17 History of Nutrition III Example of historical nutritional research:Example of historical nutritional research: heifers fed wheat-based diets produced calves at lower rates than those fed corn dietsheifers fed wheat-based diets produced calves at lower rates than those fed corn diets assumption: something toxic in wheatassumption: something toxic in wheat analysis: nothing toxic in tissuesanalysis: nothing toxic in tissues reality: vitamin deficiencyreality: vitamin deficiency scientific methods for formulating feeds were inadequatescientific methods for formulating feeds were inadequate research diets eventually simplified/purifiedresearch diets eventually simplified/purified

18 History of Nutrition IV First vitamin discovered in 1913First vitamin discovered in 1913 pioneer nutritional work achieved primarily through the use of animal subjectspioneer nutritional work achieved primarily through the use of animal subjects same today, but with restrictionssame today, but with restrictions rats  vitamins, amino acids, mineralsrats  vitamins, amino acids, minerals dogs  insulin, nicotinic aciddogs  insulin, nicotinic acid guinea pigs  prevention of scurvyguinea pigs  prevention of scurvy chicks  thiamin and other vitaminschicks  thiamin and other vitamins bacteria  growth factors, nutrient function in metabolismbacteria  growth factors, nutrient function in metabolism final answers must be derived from species studiedfinal answers must be derived from species studied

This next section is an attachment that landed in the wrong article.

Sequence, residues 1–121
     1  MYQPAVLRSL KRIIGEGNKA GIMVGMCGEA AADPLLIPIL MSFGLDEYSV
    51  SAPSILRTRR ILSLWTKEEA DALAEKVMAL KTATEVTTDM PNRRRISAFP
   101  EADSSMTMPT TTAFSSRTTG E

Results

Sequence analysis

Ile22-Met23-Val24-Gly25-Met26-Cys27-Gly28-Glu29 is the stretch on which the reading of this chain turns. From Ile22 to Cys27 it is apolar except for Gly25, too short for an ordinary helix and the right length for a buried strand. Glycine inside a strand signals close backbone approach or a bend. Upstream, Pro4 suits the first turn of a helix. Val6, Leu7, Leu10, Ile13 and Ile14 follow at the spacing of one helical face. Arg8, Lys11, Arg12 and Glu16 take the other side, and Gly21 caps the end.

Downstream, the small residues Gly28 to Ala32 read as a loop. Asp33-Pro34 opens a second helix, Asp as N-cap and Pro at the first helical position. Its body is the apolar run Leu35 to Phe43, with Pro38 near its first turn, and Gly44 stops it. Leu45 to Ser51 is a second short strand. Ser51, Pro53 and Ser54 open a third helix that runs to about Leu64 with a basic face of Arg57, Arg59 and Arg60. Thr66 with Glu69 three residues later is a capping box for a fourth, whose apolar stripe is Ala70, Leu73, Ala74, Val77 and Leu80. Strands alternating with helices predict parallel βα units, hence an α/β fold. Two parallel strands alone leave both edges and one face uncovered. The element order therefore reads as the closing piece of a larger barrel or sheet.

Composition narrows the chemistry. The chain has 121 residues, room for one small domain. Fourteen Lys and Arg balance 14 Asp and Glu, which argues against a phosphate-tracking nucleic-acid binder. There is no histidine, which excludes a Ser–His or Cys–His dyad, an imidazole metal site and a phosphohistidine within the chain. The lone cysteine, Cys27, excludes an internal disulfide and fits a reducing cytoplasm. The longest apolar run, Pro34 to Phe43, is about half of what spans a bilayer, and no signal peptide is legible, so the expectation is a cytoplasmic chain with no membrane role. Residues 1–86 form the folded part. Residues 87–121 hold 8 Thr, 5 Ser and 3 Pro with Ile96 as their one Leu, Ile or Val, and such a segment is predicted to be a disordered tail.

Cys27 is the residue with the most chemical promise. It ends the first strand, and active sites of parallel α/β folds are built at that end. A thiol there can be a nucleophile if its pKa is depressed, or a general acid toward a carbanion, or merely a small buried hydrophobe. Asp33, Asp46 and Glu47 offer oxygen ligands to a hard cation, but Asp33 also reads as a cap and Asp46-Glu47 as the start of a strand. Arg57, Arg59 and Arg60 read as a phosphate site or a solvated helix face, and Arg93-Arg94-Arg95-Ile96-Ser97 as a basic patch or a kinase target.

19 Nutrition Today Animal nutrition today is multidisciplinary: metabolism: physiologists, biochemistsmetabolism: physiologists, biochemists vitamins: organic chemistsvitamins: organic chemists isotopes/chromatography: physicistsisotopes/chromatography: physicists protein structure: molecular biochemistsprotein structure: molecular biochemists breed variation: geneticistsbreed variation: geneticists vitamins/amino acids: microbiologistsvitamins/amino acids: microbiologists additives/improved digestibility: food technologistsadditives/improved digestibility: food technologists